ZURICH/PARIS: FIFA secretary-general Jerome Valcke appears to have delivered a pre-emptive strike in the squabble over the 2022 World Cup by defining its timing as between November 15 and January 15 writes KEIR RADNEDGE.
Valcke was quoted on French radio with comments which will irritate both some FIFA exco members as well as various leagues around the world.
That prompted FIFA to rush out a statement which, if anything, added a further layer of confusion since it was self-contradictory – stating both Valcke’s opinion and then trying to claim that the consultation was in no hurry since the Qatar World Cup was a long way off.
FIFA’s British vice-president Jim Boyce said he was “totally surprised” by Valcke’s comments, considering that the executive committee had launched an 18-month worldwide consultation exercise only last autumn and, in any case, any decision was up to the exco itself.
War of words
Valcke’s comments may also be viewed in some quarters as an attempt to create a diversion of media attention after the long-distance war of words between president Sepp Blatter and Brazil’ state head Dilma Rousseff over much-delayed preparations for this year’s finals.
With a power battle looking within FIFA over the presidency – up for grabs again in 2015 – some of Valcke’s critics may wonder if he has not over-reached himself.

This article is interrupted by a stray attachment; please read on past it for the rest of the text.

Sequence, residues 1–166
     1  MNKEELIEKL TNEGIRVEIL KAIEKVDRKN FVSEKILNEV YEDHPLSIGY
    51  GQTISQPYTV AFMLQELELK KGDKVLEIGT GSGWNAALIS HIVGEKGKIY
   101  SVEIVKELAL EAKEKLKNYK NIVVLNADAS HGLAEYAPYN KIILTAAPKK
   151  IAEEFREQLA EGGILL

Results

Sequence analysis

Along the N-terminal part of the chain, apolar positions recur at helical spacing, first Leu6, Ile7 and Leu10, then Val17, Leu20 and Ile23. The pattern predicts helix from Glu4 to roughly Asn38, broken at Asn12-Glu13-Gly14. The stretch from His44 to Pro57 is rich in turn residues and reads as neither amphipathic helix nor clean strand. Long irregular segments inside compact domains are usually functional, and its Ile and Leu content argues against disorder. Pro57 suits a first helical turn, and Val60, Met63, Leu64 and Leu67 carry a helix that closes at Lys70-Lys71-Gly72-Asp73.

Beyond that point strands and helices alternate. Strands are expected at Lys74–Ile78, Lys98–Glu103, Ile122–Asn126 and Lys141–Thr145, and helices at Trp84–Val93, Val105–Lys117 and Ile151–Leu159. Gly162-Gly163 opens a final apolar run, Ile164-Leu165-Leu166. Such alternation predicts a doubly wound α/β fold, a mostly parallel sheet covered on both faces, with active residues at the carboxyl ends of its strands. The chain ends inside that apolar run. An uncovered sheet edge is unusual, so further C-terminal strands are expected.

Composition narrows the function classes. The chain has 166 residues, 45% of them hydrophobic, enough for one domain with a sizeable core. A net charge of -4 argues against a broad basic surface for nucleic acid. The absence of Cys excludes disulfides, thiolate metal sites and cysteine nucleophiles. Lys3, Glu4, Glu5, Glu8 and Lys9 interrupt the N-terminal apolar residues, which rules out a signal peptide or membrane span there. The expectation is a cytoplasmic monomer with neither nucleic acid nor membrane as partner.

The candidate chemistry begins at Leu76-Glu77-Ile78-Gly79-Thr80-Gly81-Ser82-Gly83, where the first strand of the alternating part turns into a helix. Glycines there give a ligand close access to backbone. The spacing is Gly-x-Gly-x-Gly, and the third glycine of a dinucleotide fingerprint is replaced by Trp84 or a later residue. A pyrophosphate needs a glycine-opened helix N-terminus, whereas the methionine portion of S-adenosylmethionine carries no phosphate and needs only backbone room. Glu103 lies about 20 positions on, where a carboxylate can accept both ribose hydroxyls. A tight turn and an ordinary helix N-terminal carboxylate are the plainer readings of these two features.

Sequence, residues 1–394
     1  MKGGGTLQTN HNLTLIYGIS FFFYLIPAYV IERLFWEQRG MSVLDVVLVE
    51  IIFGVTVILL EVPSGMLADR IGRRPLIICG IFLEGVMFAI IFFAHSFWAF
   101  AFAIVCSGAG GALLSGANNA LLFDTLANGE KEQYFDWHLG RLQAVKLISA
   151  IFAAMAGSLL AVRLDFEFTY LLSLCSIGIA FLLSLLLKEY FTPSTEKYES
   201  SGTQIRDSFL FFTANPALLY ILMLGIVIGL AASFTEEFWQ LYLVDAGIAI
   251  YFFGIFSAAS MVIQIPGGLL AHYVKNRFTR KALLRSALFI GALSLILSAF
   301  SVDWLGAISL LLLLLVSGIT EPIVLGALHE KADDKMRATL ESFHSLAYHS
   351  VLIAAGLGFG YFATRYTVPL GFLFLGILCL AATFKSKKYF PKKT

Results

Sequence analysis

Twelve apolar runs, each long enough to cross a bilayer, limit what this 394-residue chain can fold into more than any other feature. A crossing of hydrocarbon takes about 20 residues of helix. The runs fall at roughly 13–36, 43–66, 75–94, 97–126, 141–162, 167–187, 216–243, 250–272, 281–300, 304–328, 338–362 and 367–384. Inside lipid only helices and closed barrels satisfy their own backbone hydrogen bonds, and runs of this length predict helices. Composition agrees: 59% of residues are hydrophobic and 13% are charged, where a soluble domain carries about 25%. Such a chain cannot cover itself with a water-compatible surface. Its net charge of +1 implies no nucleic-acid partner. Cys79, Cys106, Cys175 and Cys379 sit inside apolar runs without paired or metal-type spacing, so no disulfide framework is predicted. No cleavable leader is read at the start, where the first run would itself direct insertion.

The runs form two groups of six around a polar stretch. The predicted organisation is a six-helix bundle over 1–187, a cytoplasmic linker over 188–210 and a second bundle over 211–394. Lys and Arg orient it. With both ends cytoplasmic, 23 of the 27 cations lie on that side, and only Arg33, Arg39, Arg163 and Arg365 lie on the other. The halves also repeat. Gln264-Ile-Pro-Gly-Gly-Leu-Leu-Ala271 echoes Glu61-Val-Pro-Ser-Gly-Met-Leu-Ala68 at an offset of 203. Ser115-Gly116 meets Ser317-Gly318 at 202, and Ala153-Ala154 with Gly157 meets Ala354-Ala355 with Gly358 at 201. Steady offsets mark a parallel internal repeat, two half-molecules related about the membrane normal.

Pursuit of a timing change from summer to winter had been set in train within weeks of the exco’s 2022 award by UEFA’s French president Michel Platini (who had voted for Qatar in the first place).
Only last March FIFA issued a formal statement insisting:
“. . . the final decision on the format and dates for both competitions (FIFA Confederations Cup 2021 and FIFA World Cup 2022) is vested with the FIFA Organising Committee which may hear recommendations from the LOC . . . The event periods stipulated for the 2018 and 2022 FIFA World Cups are based on the traditional international match calendar.
“As it stands today, the 2022 FIFA World Cup is planned to be staged in Qatar in June/July 2022. As communicated earlier, any potential change would have to be first requested by the competition organizers, i.e. Qatar, and then presented to the FIFA Executive Committee for analysis.”
However the Qataris, confident in their air-cooling technology, have stated time after time that they will never request a timing switch.
Hence FIFA decided to launch its consultation process, headed up by Asian president and exco member Sheikh Salman, to take the heat out of the debate. Valcke was charged, as secretary-general, with administering the process. His comments may raise concerns about how he views his role.
Valcke is also FIFA’s chief progress-chaser over preparations for Brazil.
Last weekend Blatter said that no host nation, in all his 38 years at FIFA, had been as far behind with preparations at this stage as Brazil. Rousseff then exploded on Twitter with a series of statements insisting that Brazil would be ready to welcome the world to “the Cup of Cups.”